THE BLOG
08/24/2010 03:36 pm ET Updated May 25, 2011

Sorry, But Nukes Still Don't Pencil Out

One topic that always seems to attract lots of blog comments is my contention that the present generation of pressurized-vessel nuclear power plants makes so little economic sense that we shouldn't even need to recognize the safety and proliferation issues before deciding to end all public support and subsidies for them. And once those have been ended,  the pressurized-vessel nuclear revival would simply blow away like a tumbleweed in a hurricane.

The latest evidence is in Florida's capital, where Florida Power and Light and Progress Energy are asking the state Public Service Commission for another $200 million in advance payments to cover the cost of four nuclear reactors that are unlikely ever to be completed.  These kinds of advance payments are exactly the kind of financial shenanigans that brought the last nuclear-construction boom to an end, leaving utility ratepayers with billions of wasted dollars in costs.

The Florida PSC has already approved $269 million in such advance payments.  The delivery date for the reactors in question has been pushed back five years -- remember, one of them, at Turkey Point, is likely to be virtually underneath the Atlantic Ocean (because of sea level rise) long before its useful lifetime is over. And FPL now concedes that it has not yet decided whether it will build these plants at all -- it simply wants to keep spending rate payers' money on them.

What's more, the reactor design has never been approved as hurricane safe! The utilities in question have told the PSC that they can afford these reactors only if they get enormous rate increases -- which the PSC has rejected. (FPL wanted $1.3 billion; in January the PSC gave it only $75.4 million.)  Westinghouse-Toshiba, the manufacturer, delayed promised delivery dates for three years because the design has not yet been approved for safety.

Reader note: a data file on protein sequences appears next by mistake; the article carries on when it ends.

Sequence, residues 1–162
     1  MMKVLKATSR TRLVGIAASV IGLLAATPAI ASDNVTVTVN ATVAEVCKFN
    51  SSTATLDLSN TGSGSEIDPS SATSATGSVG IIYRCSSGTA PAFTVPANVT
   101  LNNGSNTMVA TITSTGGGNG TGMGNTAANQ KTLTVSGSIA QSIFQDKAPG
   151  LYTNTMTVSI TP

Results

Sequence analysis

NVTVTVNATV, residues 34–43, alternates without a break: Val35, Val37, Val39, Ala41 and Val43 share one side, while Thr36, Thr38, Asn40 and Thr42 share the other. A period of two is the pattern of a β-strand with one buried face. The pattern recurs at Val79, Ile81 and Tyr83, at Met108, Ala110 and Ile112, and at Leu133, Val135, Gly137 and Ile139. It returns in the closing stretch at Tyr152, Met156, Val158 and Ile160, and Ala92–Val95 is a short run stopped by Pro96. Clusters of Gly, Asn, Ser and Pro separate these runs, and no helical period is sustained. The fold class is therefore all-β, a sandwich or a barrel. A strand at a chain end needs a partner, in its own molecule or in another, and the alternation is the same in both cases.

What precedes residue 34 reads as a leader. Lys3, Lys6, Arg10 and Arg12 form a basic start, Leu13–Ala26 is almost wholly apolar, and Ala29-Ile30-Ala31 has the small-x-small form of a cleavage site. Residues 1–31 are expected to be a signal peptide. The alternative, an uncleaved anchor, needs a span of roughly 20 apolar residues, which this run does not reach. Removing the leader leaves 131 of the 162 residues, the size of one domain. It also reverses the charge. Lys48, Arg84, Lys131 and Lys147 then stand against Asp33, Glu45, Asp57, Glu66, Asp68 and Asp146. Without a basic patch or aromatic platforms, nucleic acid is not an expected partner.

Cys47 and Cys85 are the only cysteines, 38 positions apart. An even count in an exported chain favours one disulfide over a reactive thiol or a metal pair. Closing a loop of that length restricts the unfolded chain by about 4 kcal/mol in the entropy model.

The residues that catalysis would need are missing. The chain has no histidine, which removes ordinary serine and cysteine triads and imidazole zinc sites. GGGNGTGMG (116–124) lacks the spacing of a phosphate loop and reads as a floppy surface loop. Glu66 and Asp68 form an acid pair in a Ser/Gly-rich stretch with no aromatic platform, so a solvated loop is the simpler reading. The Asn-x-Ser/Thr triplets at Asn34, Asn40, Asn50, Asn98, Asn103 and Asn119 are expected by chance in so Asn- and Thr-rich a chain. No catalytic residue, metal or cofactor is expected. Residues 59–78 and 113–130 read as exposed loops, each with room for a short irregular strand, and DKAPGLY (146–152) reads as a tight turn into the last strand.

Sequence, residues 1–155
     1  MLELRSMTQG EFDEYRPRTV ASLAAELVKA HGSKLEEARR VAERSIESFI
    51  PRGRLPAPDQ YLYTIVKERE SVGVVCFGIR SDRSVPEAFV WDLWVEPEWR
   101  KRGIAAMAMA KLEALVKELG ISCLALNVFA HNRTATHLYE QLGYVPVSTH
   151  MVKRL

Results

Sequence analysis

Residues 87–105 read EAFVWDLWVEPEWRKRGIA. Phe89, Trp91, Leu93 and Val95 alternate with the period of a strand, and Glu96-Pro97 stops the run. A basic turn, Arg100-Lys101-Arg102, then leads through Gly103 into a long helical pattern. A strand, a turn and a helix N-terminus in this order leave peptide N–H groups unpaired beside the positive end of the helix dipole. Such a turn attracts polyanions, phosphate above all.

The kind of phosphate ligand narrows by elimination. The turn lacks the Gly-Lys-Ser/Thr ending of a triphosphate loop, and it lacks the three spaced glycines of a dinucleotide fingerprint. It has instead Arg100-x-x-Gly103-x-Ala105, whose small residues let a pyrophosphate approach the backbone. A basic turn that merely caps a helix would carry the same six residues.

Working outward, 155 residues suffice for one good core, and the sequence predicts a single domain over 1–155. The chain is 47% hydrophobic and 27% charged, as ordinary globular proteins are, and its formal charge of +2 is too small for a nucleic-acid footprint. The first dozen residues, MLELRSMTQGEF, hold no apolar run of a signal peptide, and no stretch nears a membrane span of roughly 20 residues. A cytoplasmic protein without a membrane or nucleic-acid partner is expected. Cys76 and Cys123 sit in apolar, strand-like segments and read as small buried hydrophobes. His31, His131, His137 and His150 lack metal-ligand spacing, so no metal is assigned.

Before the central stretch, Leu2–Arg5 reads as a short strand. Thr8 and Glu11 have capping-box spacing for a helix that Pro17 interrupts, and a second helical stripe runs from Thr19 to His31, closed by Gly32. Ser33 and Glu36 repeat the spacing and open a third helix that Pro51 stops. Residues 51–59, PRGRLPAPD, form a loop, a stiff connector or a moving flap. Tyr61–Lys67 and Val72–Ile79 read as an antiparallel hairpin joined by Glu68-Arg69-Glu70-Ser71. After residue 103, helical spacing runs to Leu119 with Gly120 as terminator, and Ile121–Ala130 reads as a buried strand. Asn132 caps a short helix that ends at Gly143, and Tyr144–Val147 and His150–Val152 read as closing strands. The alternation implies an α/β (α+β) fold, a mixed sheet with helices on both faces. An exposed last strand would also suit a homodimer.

Meanwhile, the cost of solar, the price of natural gas, and the opportunities to reduce electricity demand with higher performance buildings and appliances keep getting more and more favorable. The bottom line? Florida simply doesn't need these reactors, and Florida customers can't afford them.

But this is not only a Florida problem. Pressurized-vessel nuclear reactors are, quite simply, one of the most expensive ways to keep a ton of carbon from going into the atmosphere yet devised. That doesn't mean we shouldn't fund genuine research into genuinely new nuclear fuel cycles to see whether one of them can be safe, affordable, and proliferation-proof. But we shouldn't be pouring tens of billions of dollars of ratepayer and taxpayer loan guarantees and advance construction payments into the pressurized reactors of the type we are building today. Today's nuclear technology just doesn't make sense.

Imagine how much clean energy (and jobs!) we could create if we instead invested those subsidies into helping buildings get more energy-efficient.